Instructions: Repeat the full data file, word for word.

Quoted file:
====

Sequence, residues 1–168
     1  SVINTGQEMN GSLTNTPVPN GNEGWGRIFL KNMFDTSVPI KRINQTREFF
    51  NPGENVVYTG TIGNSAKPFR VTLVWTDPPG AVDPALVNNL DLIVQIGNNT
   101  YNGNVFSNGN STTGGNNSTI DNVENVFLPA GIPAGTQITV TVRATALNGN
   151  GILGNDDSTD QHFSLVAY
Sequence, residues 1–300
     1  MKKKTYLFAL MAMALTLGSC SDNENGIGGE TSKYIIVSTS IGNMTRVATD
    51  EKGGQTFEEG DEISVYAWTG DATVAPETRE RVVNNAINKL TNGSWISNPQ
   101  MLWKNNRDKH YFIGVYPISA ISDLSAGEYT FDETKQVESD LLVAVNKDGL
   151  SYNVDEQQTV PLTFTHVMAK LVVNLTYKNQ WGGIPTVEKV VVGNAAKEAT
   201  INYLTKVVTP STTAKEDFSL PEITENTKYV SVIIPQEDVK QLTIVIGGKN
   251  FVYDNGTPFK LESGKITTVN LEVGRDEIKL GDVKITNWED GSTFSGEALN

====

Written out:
Sequence, residues 1–168
     1  SVINTGQEMN GSLTNTPVPN GNEGWGRIFL KNMFDTSVPI KRINQTREFF
    51  NPGENVVYTG TIGNSAKPFR VTLVWTDPPG AVDPALVNNL DLIVQIGNNT
   101  YNGNVFSNGN STTGGNNSTI DNVENVFLPA GIPAGTQITV TVRATALNGN
   151  GILGNDDSTD QHFSLVAY
Sequence, residues 1–300
     1  MKKKTYLFAL MAMALTLGSC SDNENGIGGE TSKYIIVSTS IGNMTRVATD
    51  EKGGQTFEEG DEISVYAWTG DATVAPETRE RVVNNAINKL TNGSWISNPQ
   101  MLWKNNRDKH YFIGVYPISA ISDLSAGEYT FDETKQVESD LLVAVNKDGL
   151  SYNVDEQQTV PLTFTHVMAK LVVNLTYKNQ WGGIPTVEKV VVGNAAKEAT
   201  INYLTKVVTP STTAKEDFSL PEITENTKYV SVIIPQEDVK QLTIVIGGKN
   251  FVYDNGTPFK LESGKITTVN LEVGRDEIKL GDVKITNWED GSTFSGEALN